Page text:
One thing that really bugged me was how the characters kept dying from illness. It was irritating to see them kill off characters with a crappy excuse. Not only was it uncreative, it was unsatisfying. I mean, I’m sure medicine wasn’t as advanced before as it is now, but how could it be that people were so conveniently dying of sickness just when the storyline requires them to? There were bandits lurking everywhere in the past. Why couldn’t Cinderella’s dad – a merchant – get killed by them instead of randomly falling ill on a trip? [Budget constraints? Ed.]
Before watching the movie, I was highly anticipating Cate Blanchett’s performance, because not only is she one of the more experienced and critical acclaimed actresses in the cast, she’s also playing the elegant yet villainous Lady Tremaine. I was also excited to watch Helena Bonham Carter as The Fairy Godmother— duh. Bellatrix Lestrange using magic to help a muggle? Oh my, Voldemort would probably Avada Kedavra her to outer space.
Said actresses do live up to their name, although I was disappointed by Helena’s lack of screen time. She made a comedic, quirky and likeable Fairy Godmother, who I actually loved more than the original sweet and grandmotherly Fairy Godmother. I liked how they included the classic line (“bibbidi bobbidi boo”) which invoked a bit of nostalgia for me. Cate Blanchett made an great Lady Tremaine. She was sophisticated, and yet amazing at portraying the desperate emotions of Lady Tremaine. At some points, I even felt sorry for her.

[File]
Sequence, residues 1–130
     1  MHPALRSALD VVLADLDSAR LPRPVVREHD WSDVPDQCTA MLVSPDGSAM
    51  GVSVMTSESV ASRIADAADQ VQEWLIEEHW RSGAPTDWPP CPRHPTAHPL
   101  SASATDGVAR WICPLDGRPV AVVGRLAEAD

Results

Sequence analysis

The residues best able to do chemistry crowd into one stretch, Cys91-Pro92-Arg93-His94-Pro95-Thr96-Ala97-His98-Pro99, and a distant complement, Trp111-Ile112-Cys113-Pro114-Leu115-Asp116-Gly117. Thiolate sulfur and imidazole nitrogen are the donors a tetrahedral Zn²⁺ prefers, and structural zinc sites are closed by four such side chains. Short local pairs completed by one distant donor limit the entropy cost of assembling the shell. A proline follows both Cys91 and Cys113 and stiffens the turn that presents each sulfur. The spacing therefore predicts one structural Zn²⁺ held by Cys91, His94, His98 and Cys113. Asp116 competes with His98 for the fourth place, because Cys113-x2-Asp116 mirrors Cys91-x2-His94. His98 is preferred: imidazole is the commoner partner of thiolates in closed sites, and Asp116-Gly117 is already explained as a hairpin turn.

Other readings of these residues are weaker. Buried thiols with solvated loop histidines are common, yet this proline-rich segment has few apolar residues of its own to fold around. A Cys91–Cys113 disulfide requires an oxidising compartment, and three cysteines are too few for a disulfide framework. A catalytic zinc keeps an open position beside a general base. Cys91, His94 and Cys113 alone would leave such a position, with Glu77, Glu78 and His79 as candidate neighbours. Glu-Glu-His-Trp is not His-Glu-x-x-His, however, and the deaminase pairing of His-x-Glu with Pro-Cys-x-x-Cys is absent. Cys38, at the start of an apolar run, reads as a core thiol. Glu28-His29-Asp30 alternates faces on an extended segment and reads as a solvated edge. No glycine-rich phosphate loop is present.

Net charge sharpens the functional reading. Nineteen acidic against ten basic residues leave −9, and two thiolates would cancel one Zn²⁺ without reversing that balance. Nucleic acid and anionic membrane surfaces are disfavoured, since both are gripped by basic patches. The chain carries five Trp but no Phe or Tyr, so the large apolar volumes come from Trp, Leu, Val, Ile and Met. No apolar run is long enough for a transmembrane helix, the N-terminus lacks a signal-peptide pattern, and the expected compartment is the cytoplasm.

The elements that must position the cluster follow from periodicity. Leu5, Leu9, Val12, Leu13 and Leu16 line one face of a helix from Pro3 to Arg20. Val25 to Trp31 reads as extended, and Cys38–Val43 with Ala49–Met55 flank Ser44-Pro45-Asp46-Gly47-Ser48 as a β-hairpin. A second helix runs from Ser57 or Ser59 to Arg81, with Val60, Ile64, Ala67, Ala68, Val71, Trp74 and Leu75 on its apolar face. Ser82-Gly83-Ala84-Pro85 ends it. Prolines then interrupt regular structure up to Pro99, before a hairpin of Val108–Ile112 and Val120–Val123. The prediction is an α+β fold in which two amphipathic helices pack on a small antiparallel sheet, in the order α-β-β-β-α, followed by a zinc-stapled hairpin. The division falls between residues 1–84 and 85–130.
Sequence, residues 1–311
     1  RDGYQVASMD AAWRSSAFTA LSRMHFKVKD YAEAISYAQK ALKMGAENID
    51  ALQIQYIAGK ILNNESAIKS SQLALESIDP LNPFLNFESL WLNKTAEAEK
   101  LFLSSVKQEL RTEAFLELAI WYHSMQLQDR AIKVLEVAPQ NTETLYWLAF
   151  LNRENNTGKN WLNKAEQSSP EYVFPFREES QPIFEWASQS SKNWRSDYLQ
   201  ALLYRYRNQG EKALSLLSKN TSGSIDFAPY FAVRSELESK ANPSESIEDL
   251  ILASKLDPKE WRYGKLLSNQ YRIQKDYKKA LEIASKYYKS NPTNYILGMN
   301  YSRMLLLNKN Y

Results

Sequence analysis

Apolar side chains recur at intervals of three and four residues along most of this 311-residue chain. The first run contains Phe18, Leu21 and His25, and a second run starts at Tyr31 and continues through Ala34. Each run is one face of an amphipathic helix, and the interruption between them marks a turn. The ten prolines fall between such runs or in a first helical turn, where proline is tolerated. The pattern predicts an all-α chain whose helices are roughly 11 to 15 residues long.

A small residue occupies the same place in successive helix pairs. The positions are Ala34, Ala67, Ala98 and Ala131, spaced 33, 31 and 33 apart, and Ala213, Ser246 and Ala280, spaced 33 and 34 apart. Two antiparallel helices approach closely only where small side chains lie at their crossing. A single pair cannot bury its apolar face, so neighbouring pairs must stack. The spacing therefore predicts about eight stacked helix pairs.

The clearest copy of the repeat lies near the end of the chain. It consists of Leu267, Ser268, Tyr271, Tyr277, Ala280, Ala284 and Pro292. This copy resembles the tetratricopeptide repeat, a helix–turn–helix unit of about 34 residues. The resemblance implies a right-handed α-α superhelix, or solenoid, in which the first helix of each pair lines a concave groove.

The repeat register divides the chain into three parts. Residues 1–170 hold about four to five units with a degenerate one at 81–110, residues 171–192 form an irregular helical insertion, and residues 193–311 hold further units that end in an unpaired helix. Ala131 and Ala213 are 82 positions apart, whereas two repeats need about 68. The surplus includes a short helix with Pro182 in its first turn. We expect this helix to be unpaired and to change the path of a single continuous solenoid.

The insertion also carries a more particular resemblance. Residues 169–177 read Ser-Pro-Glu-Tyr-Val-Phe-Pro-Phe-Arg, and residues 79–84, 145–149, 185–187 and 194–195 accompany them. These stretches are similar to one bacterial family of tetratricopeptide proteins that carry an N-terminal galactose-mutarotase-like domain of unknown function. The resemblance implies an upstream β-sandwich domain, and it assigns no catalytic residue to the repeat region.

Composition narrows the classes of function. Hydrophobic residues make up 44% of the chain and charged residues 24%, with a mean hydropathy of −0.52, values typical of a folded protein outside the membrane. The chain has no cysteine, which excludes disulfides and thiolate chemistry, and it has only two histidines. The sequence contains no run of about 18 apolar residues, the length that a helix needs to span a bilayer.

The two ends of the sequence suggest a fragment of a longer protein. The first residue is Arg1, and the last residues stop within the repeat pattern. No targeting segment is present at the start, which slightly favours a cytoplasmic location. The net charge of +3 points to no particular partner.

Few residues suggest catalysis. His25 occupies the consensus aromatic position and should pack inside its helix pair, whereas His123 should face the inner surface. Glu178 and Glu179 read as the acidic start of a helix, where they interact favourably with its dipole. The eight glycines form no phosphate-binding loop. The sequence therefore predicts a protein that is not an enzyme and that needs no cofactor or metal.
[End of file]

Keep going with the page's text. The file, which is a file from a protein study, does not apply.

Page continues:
Honestly, although I entered the cinema with expectations of which actors or actresses I thought would be good or bad, I ended up having to acknowledge that the cast was perfect. Lily James made a great Cinderella, despite people saying that she’s “not pretty enough”. I found that she was able to portray the inner beauty of Cinderella very well, considering how it’s inner beauty, which isn’t supposed to be easily shown, it’s a praiseworthy feat. Richard Madden (Prince “Kit” Charming) was a exemplary male lead who had great chemistry with Lily James, and does a wonderful job of looking like he was in love with her.
To sum up, Cinderella (2015) is a good remake, and its earnings at the box office are very well-deserved. It is a great follow-up to it’s animated film. I would recommend the film if you’re a fan of the animated film, and want to see your favourite characters come alive. However, if you’re expecting something new, or a twist to the original film, this remake is the wrong place to look.
Disney plays it safe by keeping close to the animated film, which could be a blessing or a curse. It could have potentially been the next best thing if things went right and people liked the change, but it could also have became another failed remake. But I guess we’ll never know.